The leading Modern Orthodox rabbinical association selected Rabbi Leonard Matanky, a longtime insider, as its new president at a recent convention.
Matanky, who leads an Orthodox synagogue and a Jewish day school in Chicago, will replace Rabbi Shmuel Goldin as president of the Rabbinical Council of America. Matanky previously served as vice-president under Goldin.
“We need to stand up for the values we have in the Orthodox world, and we need to be able to communicate those values, which are values of beauty and respect and commitment to the rest of the world,” Matanky told the Forward.
The succession comes amidst rising challenges for the RCA, which represents a group of centrist Orthodox rabbis increasingly split between hard-line and reformist elements. RCA members hope Matanky will keep the group together.
“I think he’s a very strong figure, strong and thoughtful, which can be very good for the RCA,” said Asher Lopatin, president of Yeshiva Chovevei Torah Rabbinical School, the left-wing Modern Orthodox seminary. “It needs strong leader to hold everyone together.”
Matanky is spiritual leader of Congregation K.I.N.S. of West Rogers Park in Chicago. He is also dean of the Ida Crown Jewish Academy, an Orthodox Jewish high school of 270 students.
The two-year presidency of Goldin, which ended in early July, saw the hiring of Rabbi Mark Dracht to replace longtime RCA executive vice president Rabbi Basil Herring.
Goldin faced a sort of internal revolt in 2012, when dissidents within the RCA ran an opposition slate in the internal RCA leadership election, challenging all elected board positions besides Goldin’s own. All but one of the opposition candidates lost their election bids.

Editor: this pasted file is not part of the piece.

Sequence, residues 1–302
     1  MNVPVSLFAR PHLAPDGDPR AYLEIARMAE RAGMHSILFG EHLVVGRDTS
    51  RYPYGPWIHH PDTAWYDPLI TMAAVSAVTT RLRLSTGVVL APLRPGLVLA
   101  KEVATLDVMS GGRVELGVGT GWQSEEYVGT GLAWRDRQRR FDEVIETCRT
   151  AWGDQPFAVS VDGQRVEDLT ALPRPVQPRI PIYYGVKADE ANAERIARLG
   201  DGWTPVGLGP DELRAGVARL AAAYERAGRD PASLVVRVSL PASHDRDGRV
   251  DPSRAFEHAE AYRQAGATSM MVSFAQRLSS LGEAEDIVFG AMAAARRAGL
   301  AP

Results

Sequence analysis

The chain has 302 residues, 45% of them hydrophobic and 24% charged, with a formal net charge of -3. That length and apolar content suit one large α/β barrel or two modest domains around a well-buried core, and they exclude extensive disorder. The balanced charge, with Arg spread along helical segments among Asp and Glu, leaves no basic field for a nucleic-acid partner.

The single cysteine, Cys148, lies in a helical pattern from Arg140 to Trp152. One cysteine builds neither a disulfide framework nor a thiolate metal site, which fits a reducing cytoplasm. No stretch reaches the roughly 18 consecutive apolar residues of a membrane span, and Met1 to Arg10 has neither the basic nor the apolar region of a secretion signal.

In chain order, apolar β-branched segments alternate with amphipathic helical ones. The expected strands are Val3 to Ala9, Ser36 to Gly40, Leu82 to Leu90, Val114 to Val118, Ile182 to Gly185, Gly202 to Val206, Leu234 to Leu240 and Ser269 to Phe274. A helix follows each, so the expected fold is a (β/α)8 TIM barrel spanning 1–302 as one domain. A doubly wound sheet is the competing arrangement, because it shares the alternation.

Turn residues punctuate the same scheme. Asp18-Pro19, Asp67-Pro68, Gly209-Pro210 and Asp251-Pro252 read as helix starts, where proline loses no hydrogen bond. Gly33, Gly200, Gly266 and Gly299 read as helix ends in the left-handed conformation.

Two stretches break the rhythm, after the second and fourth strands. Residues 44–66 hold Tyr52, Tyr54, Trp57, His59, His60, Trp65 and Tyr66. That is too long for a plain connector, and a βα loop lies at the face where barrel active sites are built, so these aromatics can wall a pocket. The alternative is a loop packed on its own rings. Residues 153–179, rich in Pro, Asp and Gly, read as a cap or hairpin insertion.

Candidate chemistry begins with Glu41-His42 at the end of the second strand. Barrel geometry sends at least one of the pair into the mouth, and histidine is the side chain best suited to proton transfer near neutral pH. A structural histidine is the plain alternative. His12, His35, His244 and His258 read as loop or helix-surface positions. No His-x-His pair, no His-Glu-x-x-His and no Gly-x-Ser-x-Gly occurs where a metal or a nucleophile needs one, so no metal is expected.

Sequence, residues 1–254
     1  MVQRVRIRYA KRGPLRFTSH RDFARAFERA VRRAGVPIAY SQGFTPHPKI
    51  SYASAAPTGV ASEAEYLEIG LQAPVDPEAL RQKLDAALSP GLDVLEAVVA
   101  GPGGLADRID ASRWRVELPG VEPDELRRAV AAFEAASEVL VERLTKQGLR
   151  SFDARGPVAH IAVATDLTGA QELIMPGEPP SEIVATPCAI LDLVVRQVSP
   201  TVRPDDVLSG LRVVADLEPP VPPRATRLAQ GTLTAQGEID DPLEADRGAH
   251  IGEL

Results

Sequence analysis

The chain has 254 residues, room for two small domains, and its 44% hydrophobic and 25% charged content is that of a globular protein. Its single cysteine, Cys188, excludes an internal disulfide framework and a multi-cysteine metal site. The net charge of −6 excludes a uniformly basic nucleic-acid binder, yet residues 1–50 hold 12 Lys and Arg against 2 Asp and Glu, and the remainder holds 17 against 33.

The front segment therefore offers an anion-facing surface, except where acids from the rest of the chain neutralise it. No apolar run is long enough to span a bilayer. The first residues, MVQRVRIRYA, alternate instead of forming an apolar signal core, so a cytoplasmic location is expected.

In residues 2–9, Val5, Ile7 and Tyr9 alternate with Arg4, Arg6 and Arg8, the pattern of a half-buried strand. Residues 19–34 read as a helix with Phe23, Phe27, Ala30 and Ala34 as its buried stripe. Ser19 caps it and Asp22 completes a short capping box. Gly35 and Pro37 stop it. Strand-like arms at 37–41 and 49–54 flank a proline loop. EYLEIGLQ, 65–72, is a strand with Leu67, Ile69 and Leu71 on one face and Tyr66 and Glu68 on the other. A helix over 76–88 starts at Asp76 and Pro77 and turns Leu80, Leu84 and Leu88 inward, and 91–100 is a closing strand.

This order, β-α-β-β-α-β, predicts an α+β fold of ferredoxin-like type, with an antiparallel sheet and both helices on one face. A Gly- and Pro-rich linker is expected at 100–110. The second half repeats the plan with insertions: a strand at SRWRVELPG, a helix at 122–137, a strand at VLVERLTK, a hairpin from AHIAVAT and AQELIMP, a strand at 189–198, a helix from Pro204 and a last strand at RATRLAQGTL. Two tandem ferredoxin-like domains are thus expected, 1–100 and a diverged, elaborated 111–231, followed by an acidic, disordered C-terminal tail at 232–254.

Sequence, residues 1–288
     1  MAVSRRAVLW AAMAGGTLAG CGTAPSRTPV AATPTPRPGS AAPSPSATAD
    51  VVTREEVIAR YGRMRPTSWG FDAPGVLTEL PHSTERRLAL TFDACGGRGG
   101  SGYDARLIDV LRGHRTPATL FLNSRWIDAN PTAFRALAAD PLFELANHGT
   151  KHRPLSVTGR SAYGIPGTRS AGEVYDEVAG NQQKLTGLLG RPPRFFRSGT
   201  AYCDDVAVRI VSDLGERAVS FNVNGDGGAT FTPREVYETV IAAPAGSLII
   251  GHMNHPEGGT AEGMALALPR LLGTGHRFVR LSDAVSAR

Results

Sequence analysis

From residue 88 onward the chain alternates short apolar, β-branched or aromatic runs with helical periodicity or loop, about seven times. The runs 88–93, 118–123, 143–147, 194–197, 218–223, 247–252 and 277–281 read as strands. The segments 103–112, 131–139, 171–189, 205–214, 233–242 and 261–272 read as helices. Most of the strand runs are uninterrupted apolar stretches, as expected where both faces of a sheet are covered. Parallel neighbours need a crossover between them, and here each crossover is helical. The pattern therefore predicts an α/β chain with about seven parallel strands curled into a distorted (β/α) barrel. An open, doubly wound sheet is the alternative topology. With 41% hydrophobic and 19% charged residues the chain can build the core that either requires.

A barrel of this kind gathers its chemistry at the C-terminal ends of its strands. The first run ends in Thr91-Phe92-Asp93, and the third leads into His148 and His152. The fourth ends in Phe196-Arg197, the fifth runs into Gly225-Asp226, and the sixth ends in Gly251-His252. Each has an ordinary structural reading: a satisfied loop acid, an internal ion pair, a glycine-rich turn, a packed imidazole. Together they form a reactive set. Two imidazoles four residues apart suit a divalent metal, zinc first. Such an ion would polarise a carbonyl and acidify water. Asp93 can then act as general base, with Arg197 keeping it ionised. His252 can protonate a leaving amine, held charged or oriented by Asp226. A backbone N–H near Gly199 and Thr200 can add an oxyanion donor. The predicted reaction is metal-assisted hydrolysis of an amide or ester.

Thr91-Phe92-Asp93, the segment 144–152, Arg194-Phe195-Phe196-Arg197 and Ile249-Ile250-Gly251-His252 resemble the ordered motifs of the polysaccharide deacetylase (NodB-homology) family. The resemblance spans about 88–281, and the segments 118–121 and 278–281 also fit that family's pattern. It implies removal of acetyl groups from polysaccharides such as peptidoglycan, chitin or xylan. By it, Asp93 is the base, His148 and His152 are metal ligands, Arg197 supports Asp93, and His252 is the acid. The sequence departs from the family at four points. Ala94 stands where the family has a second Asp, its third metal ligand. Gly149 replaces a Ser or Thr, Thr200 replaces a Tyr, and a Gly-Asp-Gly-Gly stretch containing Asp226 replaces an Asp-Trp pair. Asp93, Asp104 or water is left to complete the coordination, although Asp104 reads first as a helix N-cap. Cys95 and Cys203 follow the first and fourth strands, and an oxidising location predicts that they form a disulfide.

Matanky, who was Goldin’s deputy throughout his term, ran unopposed for the presidency.
“It’s a very challenging job, being president of an organization that consists of over a thousand rabbis, particularly at a time where Centrist or Modern Orthodoxy continues to define its borders and its limitations,” Goldin told the Forward.
Lopatin, a leading figure among the left-wing Modern Orthodox, said that Matanky made efforts to keep Lopatin within the Orthodox fold while both were rabbis in Chicago. “He was very ymuch at the forefront of trying to keep everyone in the big tent,” Lopatin said.
Lopatin believes that Matanky will continue those efforts at the helm of the RCA. “If at all possible, that’s what he will do,” Lopatin said. “I hope it is possible very much.”
In an interview with the Forward, Matanky signalled an openness to the more liberal adherents of Modern Orthodoxy. But he insisted that openness has limits.
“We have a very large tent in the RCA,” Matanky said. ” There are people, unfortunately, who will choose to move outside the protective shade of that tent… sometimes we will have to define boundaries.”